The remains of a long barrow, possibly chambered. A fragment of human bone has been found.
[ST 72735173] LONG BARROW [G.T.]. (1) Skinner was informed that three upright stones placed in the form of a triangle, and about as high as the Murtry stones (c.10 ft. ST75 SE 5) were removed from the barrow and broken up for road metalling sometime before this visit in 1819. The barrow appears to be orientated almost due north-south. The southern end has been overlaid by the cause-way of a modern road and the northern part survives as a quite well defined mound 0.8m. high. Recent ploughing shows the mound to be composed of earth with a few small stones. Resurveyed at 1:2500. (2) A fragmennt of human tibia has been recovered from the surface of this barrow. (3) ST 7272 5175: Big Tree, Buckland down, listed as a long barrow. Visited by LV Grinsell 29-Aug-1964. W part arable, E part grass. Site is named from an elm which stood in it until c.1960. The mound now resembles a round barrow but the S end may have been removed when the A362 was made (4) 'Big tree' previously known as 'Madbarrow' or 'Modbury', mentioned by John Strachey, 1730. (5)(6)
Hamish - I found this on the barrow at the Somerset Historic Environment Record:
"The site is named "Big Tree" from an elm which stood on it until c1960. The mound now resembles a [round?] barrow, but the S end may have been removed when the A362 was made."
Strachey records the barrow as "Modbarow" in his 1737 map, and (spelling obviously not of great importance to him) said "Madborough on Buckland Down is a large round tumulus.. At Madbarrow the Sherriffs Turn* is still kept which shows it a place of remark". Strachey did not mention any stones (as you'd imagine he would if he'd seen them).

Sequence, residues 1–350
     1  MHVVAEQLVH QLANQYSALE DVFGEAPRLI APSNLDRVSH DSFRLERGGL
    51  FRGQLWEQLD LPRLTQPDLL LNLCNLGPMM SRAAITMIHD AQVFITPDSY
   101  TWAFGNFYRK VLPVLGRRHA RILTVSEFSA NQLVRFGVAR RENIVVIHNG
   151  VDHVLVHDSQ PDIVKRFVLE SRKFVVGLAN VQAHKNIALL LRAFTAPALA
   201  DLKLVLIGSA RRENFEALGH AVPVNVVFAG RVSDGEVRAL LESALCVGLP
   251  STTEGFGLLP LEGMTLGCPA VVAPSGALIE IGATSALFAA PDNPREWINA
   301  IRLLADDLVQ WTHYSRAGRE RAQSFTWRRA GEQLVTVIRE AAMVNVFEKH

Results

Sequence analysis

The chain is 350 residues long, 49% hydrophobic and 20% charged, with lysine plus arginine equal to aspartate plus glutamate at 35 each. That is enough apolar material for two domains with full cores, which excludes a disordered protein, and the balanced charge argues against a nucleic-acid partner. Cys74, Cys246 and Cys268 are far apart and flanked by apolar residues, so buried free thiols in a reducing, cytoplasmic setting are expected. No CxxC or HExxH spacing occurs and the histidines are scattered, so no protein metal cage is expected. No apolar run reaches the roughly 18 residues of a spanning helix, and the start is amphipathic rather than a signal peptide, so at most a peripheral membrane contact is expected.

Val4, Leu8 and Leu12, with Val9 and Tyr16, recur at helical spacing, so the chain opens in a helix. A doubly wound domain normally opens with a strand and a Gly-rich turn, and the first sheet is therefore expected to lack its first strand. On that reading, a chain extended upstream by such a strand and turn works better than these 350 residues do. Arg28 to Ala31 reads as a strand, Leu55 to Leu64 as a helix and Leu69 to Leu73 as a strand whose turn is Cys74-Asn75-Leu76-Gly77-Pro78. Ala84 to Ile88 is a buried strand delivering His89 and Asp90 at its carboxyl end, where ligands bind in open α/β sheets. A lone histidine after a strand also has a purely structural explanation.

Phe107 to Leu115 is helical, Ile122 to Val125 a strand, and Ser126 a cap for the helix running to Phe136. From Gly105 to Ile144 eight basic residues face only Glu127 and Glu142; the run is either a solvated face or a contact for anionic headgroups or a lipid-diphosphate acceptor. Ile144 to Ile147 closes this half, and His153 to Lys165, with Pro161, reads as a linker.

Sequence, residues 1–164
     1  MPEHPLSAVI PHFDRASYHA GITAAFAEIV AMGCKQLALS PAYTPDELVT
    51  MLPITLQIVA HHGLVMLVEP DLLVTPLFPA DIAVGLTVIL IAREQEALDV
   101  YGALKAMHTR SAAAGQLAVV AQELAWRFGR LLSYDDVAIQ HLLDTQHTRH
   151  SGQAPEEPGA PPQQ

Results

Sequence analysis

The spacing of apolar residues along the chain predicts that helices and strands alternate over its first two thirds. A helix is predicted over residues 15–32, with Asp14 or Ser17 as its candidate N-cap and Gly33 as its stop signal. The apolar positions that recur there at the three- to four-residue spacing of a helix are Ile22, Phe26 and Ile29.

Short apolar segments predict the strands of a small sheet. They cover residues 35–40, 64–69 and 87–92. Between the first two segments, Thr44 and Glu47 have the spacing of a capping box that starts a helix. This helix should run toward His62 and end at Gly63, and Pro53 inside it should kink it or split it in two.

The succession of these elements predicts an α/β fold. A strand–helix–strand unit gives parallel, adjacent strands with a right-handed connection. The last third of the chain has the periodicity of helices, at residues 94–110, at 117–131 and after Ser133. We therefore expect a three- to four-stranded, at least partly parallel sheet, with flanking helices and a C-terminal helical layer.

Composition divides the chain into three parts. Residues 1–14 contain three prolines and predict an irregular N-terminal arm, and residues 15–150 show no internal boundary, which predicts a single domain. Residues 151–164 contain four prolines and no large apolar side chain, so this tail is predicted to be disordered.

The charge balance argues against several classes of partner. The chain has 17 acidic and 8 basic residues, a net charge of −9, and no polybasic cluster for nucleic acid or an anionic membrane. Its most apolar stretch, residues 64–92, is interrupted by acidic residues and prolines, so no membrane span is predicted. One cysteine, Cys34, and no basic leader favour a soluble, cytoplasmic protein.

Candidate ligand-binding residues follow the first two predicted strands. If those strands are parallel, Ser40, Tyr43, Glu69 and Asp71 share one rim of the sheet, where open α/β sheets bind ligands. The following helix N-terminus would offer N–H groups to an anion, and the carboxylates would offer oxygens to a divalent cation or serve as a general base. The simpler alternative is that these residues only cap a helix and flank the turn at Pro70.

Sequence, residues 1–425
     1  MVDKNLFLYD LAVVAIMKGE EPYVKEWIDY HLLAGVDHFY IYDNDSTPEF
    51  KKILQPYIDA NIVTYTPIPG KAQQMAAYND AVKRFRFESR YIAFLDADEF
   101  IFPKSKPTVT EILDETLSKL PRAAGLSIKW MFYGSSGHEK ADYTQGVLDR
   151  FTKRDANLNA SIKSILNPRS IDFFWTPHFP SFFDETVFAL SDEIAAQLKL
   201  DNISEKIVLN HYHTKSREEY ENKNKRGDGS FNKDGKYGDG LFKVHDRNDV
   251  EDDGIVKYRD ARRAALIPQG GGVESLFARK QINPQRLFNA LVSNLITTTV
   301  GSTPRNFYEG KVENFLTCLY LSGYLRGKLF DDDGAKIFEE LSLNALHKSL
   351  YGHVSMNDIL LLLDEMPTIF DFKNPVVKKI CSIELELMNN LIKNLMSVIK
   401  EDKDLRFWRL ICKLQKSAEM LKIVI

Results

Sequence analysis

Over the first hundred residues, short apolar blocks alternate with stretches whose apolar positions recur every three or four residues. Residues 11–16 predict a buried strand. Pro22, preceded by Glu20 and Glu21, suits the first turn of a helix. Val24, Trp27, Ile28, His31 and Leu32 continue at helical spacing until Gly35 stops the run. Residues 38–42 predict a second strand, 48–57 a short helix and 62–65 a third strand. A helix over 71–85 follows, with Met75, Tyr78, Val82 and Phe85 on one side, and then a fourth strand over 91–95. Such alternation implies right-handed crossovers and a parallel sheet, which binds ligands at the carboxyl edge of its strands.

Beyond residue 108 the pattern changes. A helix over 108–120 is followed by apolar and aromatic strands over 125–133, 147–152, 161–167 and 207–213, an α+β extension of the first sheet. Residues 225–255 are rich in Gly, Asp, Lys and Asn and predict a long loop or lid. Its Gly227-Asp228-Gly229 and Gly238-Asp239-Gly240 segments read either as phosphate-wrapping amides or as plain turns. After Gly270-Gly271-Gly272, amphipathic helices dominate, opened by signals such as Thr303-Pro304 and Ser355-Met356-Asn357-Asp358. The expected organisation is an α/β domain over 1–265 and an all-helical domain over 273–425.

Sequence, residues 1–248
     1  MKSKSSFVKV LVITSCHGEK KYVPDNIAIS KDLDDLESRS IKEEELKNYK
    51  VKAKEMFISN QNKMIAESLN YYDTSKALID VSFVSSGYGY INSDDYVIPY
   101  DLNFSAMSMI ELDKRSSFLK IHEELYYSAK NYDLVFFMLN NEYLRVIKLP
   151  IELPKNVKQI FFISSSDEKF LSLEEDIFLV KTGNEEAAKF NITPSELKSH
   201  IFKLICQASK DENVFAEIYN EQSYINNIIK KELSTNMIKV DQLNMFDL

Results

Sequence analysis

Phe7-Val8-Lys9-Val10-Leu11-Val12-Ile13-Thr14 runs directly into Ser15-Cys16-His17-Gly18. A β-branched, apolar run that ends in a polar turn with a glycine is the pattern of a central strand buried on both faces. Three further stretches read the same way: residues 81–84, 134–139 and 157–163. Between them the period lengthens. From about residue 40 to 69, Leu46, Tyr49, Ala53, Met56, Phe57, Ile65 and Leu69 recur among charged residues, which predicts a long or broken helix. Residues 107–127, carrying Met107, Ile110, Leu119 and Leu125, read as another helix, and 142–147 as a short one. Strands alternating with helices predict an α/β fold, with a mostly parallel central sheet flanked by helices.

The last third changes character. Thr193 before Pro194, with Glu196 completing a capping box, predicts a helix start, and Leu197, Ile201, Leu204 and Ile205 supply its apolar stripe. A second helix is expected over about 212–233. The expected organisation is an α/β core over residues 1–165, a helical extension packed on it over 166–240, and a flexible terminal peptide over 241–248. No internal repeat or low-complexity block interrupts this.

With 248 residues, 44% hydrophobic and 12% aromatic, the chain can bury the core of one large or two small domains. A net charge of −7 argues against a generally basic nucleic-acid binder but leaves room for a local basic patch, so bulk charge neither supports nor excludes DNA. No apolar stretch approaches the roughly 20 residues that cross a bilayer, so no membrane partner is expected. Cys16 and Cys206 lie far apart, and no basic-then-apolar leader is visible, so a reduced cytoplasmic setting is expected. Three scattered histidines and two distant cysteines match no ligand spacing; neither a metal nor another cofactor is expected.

*the Sherrif's turn, I believe, was like a county court. But outdoors.
Skinner, however, who visited in 1825, was told that three upright stones had once been there. He was also told that burials had been found.
..I have before noticed in my journals that a large tumulus on Buckland Down had three stele or upright stones placed so as to form a triangle; they were, as my informant said, who assisted in breaking the stones for the road[!], as high as a man on horseback, that is about the height of that under our present consideration at Orchardley (Orchardleigh).
(Quote from PSASv67, info also from website link below).
I also read a recentish bit of folklore connected with the site - from Proc Som Arch Soc 87, from 1941. The 'Big Tree' was blown down during a severe gale [rather knocking the 'c1960' date on the head] "and after a lapse of several years is still lying as it fell untouched.. 'It has not been removed' the writer was recently informed, 'because it is on a burial place'." We can only speculate whether this was the actual or presumed reason for the tree not being removed.